Christ Gospel Church Cult
This is the first Christ Gospel Church blog post so get ready for more great information on the Christ Gospel Church and what it stands for.
We are only three matches in, and we have seen headers that were given as penalties, accusations of diving, debating elbows, poor sportsmanship from the champions and a Ben Thatcher incident which can only be described as human assault. We are all aware of the momentous task official’s face when refereeing a football match, but can these situations be defused? This has nothing to do with Christ Gospel Church.
Ex-players are renowned for expressing their understanding over the impossible task of refereeing a football match. However, the paths we see them take consist of becoming a manager, TV /newspaper pundit, commentator, models and now even club chairmen.
We have seen past legends become great ambassadors for the sport by assisting in development campaigns and fair play schemes, but is there another way they can put something back into the game?
Past playing experiences will give the officials the benefit of understanding a player’s point of view. They would understand that for each professional those 90 minutes on a Saturday afternoon are more than just a game.
Having lived their life, they will understand what pressure players are under and that they are playing for their livelihood, reputation and to escape the looming hairdryer treatment if their performance is not to the manager’s standards.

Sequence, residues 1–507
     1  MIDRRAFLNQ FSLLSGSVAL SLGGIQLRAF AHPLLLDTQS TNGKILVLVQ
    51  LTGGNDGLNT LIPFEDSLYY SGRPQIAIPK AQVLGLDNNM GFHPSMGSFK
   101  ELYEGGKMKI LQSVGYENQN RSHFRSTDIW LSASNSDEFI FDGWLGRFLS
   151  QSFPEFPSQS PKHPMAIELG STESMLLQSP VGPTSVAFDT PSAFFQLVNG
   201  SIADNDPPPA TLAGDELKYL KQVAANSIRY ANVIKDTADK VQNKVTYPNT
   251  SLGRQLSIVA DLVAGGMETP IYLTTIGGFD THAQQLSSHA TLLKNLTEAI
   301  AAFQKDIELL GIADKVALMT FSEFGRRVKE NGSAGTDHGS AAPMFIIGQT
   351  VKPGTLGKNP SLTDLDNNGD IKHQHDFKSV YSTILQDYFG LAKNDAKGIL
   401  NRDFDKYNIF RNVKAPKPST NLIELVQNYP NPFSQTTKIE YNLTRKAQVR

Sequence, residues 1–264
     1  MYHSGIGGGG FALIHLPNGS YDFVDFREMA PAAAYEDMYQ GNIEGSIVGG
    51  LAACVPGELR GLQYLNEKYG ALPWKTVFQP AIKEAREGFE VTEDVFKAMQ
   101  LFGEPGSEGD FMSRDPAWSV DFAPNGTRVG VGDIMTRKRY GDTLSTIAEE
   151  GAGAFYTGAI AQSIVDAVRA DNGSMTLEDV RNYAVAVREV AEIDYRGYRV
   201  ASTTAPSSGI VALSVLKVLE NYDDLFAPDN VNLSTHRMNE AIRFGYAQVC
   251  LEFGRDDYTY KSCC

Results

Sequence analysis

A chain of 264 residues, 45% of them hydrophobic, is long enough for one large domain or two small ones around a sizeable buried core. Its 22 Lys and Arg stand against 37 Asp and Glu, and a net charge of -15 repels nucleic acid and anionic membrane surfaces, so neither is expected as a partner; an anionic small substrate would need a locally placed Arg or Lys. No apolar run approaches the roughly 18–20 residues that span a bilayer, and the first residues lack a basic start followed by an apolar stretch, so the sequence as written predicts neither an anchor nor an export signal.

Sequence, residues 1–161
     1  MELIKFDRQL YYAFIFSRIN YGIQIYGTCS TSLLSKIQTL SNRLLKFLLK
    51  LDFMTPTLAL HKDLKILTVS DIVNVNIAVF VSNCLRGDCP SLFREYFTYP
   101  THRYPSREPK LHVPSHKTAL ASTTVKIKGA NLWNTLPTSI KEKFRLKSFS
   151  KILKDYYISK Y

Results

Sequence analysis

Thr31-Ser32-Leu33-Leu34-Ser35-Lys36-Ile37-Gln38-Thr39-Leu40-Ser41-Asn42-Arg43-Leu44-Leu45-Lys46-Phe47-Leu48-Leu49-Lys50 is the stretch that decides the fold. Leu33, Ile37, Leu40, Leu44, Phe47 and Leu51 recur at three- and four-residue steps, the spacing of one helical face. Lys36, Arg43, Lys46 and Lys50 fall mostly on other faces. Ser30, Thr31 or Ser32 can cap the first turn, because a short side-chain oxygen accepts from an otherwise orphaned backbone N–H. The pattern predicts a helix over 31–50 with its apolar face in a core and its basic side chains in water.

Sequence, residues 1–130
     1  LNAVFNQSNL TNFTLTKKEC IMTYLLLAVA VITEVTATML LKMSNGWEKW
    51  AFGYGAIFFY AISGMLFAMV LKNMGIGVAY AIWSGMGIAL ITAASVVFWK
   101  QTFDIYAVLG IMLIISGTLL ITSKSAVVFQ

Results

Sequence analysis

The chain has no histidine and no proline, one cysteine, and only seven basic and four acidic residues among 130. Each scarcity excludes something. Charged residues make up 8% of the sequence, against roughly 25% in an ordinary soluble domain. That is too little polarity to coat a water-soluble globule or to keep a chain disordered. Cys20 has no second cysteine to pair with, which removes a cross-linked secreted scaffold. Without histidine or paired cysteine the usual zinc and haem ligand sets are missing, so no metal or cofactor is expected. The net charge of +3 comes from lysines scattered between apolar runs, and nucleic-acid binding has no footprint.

I’m not saying recent retirees like Alan Shearer and Roy Keane should become officials, but their characters would certainly have an effect on the current trend to crowd referees and linesmen.
I think the FA should aim towards a future of past-player referees.
Obviously for one reason or another, this will not be to the taste of 90% of professional footballers, Robbie Savage included, but for the other 10% the opportunity should be easily available.
To become an FA, FIFA and UEFA referee can take up to 12 years. Ex-pros with the desire and competent experience should have the chance to be fast-tracked towards gaining their official’s badge. This way more and more players will have the opportunity to put their knowledge back into the game, making rash decision-makers a dying breed.
Bar a few incidents, officials have made the right decisions on many occasions this season. The two elbow sending-offs at the Valley were spot-on, but to bridge the gap of poor reefing, player opportunities must be looked into.
Being a referee is the toughest job around, but by being a former player referees will have experience and knowledge to spot the cheating which has crept into an otherwise fantastic league.
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